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March 21, 2012 / A

The “Enumeration of Syllables,” or the Shiva Sutras

Nataraja, a form of Shiva

Shiva, whose rhythmic dance was said to inspire the so-called Shiva Sutras. From Wikimedia.

Before the text proper there begins the अक्षरसमाम्नाय (“Enumeration of Syllables”), popularly known as the “Shiva Sutras.” This enumeration closely approximates the traditional alphabetical order and might seem to be a modified version of that original. But in terms of optimality, this list does not depend on the traditional ordering at all. To quote Paul Kiparsky, a Pāṇini scholar at Stanford University:

[The] structure of the Śivasūtras is entirely explicable on systematic grounds. … [No] other principles are needed than those used in the construction of the rest of Pāṇini’s grammar, namely the principle of economy and the logic of the special case and the general case (sāmānya/viśeṣa).
— Paul Kiparsky, “Economy and the Construction of the Śivasūtras

Wiebke Petersen, an assistant professor at the University of Düsseldorf, has also shown that the arrangement used by Pāṇini is mathematically optimal.

The list runs as follows:

अ इ उ ण्
ऋ लृ क्
ए ओ ङ्
ऐ औ च्
ह य व र ट्
ञ म ङ ण न म्
झ भ ञ्
घ ढु ध ष्
ज ब ग ड द श्
ख फ छ ठ थ च ट त व्
क प य्
श ष स र्

The list proceeds roughly in alphabetical order. First are the simple vowels, then the medium vowels, then the strong vowels. Following this are (roughly speaking) the semivowels, the voiced consonants, the unvoiced consonants, and the sibilants. There is a certain sort of continuity at play; thus ठ precedes थ and ट precedes त.

The bold letter at the end of each line is an anubandha, an indicatory letter that is used not for its own sake but because it has a special meaning according to the rules of the Ashtadhyayi. Here, an ordinary letter grouped with its anubandha refers to all of the sounds from that first letter to the anubandha. So, अल् refers to all of the sounds in the list, and यण् refers to all of the semivowels. When an anubandha is used like this — to mark the end of a particular list — the combination of the sound and the anubandha is called a pratyāhāra. A pratyāhāra cannot contain just one item, though. Thus हल् refers not only to ह but also to every other consonant in the list. Thus we have terms like हल्सन्धि, the set of sandhi rules that apply to consonants.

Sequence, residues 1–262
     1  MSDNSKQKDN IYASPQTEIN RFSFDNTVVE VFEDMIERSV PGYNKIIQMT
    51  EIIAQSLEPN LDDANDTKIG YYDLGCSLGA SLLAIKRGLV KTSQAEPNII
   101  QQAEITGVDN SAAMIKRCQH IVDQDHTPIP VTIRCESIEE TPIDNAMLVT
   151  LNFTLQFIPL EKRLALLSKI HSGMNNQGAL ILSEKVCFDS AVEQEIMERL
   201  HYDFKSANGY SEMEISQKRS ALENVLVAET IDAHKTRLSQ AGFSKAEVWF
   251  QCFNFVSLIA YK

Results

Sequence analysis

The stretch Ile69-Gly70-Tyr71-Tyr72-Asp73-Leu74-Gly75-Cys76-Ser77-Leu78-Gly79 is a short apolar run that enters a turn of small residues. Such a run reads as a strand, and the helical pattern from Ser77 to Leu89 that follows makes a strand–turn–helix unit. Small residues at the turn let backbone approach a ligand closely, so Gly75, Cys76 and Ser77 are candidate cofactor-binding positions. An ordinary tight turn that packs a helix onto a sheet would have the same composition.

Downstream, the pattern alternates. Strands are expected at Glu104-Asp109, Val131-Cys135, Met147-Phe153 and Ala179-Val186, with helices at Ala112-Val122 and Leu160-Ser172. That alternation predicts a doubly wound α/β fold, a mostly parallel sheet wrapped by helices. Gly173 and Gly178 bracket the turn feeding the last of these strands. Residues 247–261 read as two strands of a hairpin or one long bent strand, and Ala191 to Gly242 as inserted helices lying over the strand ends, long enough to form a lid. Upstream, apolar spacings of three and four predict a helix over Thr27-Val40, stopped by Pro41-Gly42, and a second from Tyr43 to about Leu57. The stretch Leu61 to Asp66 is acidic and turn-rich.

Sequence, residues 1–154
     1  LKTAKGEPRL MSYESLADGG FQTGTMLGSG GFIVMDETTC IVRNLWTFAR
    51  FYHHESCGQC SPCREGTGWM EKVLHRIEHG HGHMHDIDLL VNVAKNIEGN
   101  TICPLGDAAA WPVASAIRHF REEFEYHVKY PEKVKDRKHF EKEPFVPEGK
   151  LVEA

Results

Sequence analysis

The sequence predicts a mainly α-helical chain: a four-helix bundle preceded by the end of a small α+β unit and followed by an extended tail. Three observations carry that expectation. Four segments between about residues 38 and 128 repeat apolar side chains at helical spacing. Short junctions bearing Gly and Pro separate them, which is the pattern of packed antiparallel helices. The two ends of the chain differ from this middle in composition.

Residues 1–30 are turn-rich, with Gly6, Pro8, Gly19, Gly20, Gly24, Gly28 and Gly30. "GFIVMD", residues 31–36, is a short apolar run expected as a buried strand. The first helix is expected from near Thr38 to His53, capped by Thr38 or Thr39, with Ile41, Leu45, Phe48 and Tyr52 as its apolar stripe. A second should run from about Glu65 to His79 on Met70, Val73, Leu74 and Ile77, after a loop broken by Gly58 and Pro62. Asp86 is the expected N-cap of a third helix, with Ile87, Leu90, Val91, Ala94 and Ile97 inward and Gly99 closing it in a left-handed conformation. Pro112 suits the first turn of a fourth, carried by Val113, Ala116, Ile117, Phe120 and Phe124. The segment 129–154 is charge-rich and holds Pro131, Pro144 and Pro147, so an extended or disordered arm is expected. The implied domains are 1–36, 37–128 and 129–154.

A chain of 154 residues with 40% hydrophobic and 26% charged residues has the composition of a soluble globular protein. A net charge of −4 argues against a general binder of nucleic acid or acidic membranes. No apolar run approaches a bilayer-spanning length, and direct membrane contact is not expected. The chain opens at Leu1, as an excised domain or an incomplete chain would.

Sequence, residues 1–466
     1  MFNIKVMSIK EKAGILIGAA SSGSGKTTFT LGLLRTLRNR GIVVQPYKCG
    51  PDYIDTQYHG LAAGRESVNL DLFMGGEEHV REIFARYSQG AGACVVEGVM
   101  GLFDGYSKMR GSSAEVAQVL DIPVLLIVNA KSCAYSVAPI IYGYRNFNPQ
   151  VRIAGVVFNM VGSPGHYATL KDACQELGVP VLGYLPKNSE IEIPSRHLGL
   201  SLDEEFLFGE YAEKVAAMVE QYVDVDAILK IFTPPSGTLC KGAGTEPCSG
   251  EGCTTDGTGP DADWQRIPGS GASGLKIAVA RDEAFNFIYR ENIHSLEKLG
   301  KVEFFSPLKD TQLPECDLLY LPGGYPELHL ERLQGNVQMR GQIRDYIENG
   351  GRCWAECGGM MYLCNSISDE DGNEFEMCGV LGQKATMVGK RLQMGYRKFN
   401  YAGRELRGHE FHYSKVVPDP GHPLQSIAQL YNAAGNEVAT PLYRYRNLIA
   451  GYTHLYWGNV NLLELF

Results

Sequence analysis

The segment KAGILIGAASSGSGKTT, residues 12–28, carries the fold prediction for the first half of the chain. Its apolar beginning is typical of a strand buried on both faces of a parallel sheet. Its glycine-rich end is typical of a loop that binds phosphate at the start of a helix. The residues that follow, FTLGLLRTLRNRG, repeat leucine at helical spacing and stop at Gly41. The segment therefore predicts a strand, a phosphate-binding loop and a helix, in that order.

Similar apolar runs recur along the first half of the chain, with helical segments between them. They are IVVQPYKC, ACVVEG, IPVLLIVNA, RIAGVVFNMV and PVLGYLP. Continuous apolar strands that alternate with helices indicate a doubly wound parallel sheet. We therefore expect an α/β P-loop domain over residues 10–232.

Four features of this list stand out:

  • The long vowels आ, ई, ऊ, and ॠ (and लॄ, too) are not featured. In this list, a short vowel refers to the long form as well. Thus अ denotes both अ and आ.
  • Not every group of arbitrary letters can be defined here. The rules are as expressive as needed for the rules of the grammar, but for the sake of economy they don’t need to be any more flexible.
  • ह is used twice, probably for the sake of convenience and economy.
  • ण् is used twice as an anubandha. This is a real ambiguity in the Ashtadhyayi. I have heard that context is enough to distinguish among the uses of ण्.
I found this list to be easy to remember. I found it easiest to repeat the list a few times to get a feel for its arrangement. The ञ म ङ ण न म् row rolls right off the tongue, but ख फ छ ठ थ च ट त व् still gives me some trouble.


Leave a Comment
  1. Hinduism Ebooks (@Hinduism_Ebooks) / Mar 24 2012 12:10 am


    I congratulate you on your wonderful posts about memorizing and studying Ashtadhyayi. If you have not noticed, one line – ञ म ङ ण नम् – is missing in the Maheswara Sutrani.

    • A / Mar 24 2012 10:48 am

      Oh dear, that’s quite embarrassing. Thank you for the correction!

      • S / May 18 2014 11:40 pm

        Another minor comment: “घ ढु ध ष्” should be “घ ढ ध ष्”.

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